But the boy who brought him the letter. He would be able to help, wouldn’t he? How to reach out to him, though?
His wife’s voice sounded off the marble floors and Dr. Khan slowly made his way down the stairs and to the dinner table where everyone stared at him. He raised his hand and everyone dived in to eat. He chewed his food, not tasting the lamb, though the clove curry spices that hit his nose made him wonder why not. No, his thoughts were with the letter he’d just burned. The more he dwelt on it the more it seemed that these people in front of him were strangers.
His wife placed her hand on his wrist, a concerned look on her face. He forced a smile to tell her that he was all right. But inside he was annoyed. He just wanted to lay with his thoughts, the letter, and the emotions it stirred up inside him.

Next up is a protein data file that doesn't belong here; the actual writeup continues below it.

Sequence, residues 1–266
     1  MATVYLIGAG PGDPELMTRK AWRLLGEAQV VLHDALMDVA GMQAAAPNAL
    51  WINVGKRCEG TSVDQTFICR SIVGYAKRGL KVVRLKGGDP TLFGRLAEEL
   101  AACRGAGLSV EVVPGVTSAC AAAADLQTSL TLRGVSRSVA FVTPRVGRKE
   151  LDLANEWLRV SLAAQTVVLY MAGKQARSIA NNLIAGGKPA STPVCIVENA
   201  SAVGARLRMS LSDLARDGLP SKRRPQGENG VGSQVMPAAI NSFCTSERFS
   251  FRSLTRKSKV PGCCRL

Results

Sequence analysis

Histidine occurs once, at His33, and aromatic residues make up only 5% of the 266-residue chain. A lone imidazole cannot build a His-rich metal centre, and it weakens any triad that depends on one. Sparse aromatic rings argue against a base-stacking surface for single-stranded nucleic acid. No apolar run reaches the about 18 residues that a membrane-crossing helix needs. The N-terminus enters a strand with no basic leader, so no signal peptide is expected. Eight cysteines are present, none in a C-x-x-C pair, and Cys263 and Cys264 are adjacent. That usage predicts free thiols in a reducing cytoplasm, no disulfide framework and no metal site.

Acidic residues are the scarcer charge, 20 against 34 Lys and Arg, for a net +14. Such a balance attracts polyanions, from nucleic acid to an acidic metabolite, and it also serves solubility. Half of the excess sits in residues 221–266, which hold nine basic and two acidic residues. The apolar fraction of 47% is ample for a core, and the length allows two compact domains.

This thought made him immediately feel bad and he placed his other hand in his wife’s and smiled again, staring into her big brown eyes. She had, after all, been the one to stand behind him. Especially when he had been arrested, forced to live in a house, never to see the light of day. He tilted his head at her. She nodded and went back to eating. He returned his eyes to his own plate, feeling that if he concentrated on the food in front of him no one else would notice his cogitation, and perhaps he could even forget the damn letter.
It didn’t work. He focused on each grain of rice embedded in the pilaf. A piece of clove. And still the letter’s contents wouldn’t leave his mind be. He pushed his food aside, half-finished and left the table. He could feel everyone’s eyes piercing his back. He walked around the corner and opened the bathroom door, shutting it loudly. He could hear a few murmurs from the dinner table. It didn’t matter. The sweat on his forehead, and the feeling of a vice on his heart. He had to leave. There was no other choice. He headed to the servants’ room. There was still one who stayed after dinner.
The servant, Karim, looked at him like he didn’t care for the intrusion.
“Can I help you?”